THE SHOP

March '18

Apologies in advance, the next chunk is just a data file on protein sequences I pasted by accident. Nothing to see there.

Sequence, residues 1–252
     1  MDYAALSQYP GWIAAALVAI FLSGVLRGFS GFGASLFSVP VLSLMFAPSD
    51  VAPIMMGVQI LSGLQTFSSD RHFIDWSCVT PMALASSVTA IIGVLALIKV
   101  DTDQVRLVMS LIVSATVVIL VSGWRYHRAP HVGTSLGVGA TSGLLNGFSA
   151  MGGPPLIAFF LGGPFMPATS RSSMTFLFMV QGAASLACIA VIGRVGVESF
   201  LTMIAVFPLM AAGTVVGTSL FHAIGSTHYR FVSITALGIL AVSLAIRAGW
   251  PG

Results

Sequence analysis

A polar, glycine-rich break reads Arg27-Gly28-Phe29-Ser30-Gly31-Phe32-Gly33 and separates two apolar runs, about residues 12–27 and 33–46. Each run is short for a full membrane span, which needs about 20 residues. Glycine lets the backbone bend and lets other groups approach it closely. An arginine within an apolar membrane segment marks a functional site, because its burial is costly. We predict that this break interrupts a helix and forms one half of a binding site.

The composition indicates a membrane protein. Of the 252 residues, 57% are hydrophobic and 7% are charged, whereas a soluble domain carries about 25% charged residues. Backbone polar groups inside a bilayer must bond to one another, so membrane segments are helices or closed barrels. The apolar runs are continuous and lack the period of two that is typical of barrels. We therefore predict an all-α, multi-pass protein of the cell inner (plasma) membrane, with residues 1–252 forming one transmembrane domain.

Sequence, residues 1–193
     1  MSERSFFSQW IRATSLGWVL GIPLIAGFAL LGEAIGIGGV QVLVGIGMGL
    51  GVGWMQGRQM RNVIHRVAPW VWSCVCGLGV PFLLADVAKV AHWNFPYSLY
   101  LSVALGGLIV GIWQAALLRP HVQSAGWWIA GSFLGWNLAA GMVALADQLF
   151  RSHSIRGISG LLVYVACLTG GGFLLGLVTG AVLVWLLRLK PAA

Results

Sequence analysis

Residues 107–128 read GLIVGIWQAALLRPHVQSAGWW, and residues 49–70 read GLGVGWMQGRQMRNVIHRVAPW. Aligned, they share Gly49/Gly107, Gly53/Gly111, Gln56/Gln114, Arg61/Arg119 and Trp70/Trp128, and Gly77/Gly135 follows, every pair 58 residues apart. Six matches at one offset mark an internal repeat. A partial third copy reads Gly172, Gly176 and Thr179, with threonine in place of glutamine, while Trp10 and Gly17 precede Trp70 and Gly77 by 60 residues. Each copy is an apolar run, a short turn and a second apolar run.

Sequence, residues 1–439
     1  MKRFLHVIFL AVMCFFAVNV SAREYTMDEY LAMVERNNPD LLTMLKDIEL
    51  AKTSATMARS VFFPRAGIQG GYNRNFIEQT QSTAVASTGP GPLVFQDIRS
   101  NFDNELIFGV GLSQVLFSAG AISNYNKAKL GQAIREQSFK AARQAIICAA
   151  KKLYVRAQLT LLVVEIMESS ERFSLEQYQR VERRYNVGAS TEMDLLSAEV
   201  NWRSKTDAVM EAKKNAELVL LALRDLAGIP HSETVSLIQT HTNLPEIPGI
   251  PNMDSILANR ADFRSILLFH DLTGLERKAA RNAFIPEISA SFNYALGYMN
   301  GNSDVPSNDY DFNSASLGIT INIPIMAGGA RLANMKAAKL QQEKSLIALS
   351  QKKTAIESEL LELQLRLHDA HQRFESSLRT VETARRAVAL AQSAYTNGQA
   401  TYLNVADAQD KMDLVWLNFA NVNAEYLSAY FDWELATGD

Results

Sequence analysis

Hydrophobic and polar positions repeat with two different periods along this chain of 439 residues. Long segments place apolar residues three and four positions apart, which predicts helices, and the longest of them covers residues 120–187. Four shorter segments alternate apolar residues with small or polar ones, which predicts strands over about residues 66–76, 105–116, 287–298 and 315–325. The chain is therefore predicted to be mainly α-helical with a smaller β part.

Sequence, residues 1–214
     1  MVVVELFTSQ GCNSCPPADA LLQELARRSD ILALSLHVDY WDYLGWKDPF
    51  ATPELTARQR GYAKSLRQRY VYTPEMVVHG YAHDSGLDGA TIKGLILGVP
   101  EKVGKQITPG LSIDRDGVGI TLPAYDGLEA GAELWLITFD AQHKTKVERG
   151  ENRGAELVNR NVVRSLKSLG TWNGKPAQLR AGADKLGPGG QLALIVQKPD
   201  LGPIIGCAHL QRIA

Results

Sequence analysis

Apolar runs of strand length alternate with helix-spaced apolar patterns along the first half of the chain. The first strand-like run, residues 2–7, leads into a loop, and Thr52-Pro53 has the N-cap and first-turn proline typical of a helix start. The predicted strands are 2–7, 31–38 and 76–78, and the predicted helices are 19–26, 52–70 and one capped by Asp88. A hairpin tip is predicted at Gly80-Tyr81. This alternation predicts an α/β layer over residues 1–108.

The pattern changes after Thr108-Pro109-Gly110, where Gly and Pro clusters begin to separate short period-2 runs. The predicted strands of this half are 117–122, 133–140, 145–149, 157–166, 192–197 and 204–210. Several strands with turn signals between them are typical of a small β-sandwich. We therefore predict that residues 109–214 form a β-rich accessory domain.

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52 THE SHOP MARCH 2018 has hundreds in his shop and thousands more in his cabinets—and one in his house. That's a very special one, though "I've seen thousands (of AAA badges), and it's the only one—the only one—that I found that was mis-struck!" The AAA New York badge has the AAA upside down. A LITTLE BATTY Wales loves to do more than collect auto club badges from all over the world, build medi- eval armor and swords and rescue rusted-out fire engines from pastures and bring them new life as one-of-a-kind creations. With a mentor like George Barris, it's no surprise Wales also makes Batmobiles. Not the actual Barris versions seen on television, mind you, but massive versions of his own design. His first one was made from an ancient firetruck. "Barris came over one day, shortly before he died. He handed me this badge and said, 'Here, you are now the only person officially licensed to create Batmobiles,'" Wales recalls. The badge is mounted proudly to the driver's side of the dashboard. Wales has since built a second Batmo- bile. This one is based off of a car—a 1939 Bentley. In the early days of luxury auto- mobile manufacturing, car companies such as Rolls-Royce and Bentley didn't build the bodies to their cars. Instead, they would build the rolling chassis and that would be sent to a coachbuilder, such as Hooper, H.J. Mulliner & Co. or Park Ward. Unfortunately (or fortunately, depending on how you look at the situation), Wales' car didn't originally go to one of those coachbuilders. It was completed with a cheap steel body that was rusted out and, according to Wales, absolute garbage. Much like Anna Thompson Dodge (the widow of Horace Dodge) did when she saw her 1925 Rolls-Royce Phantom ragtop with Hooper coachwork before sending it to Jonckheere in the Netherlands, where it was resurrected as The Round Door Rolls, Wales hated the chintzy body, so he took it off and threw it out. The two cars have something else in common: unique doors. While Dodge's Rolls-Royce, which is currently parked at the entryway to the Petersen Automotive Museum, has, as its name implies, a circular entrance, Wales' Batmobile has a shape that can't really be described. However, it is the only car in the world Wales knows of that has the door formed around the spare tire. Decades of research went into this one- of-a-kind design, and Wales' creativity was rewarded when he received a design award from the ArtCenter College of Design in Pasadena. It's said that 70 percent of all car designs are made by graduates of this school, so it is quite an honor. THE EXTRA SMILE Everything in Wales' shop/home has a story and, if you have the time, he'll gladly tell it to you. And most are fascinating. Many of the items on display, such as a dragon statue that Dan Haggerty gave to 52 THE SHOP MARCH 2018 Wales A TALE OF A Wales' sixth La Bestioni, nicknamed Rusty One, may soon be sold—so he can continue to acquire more unique vehicles. A side hobby is collecting auto club badges.

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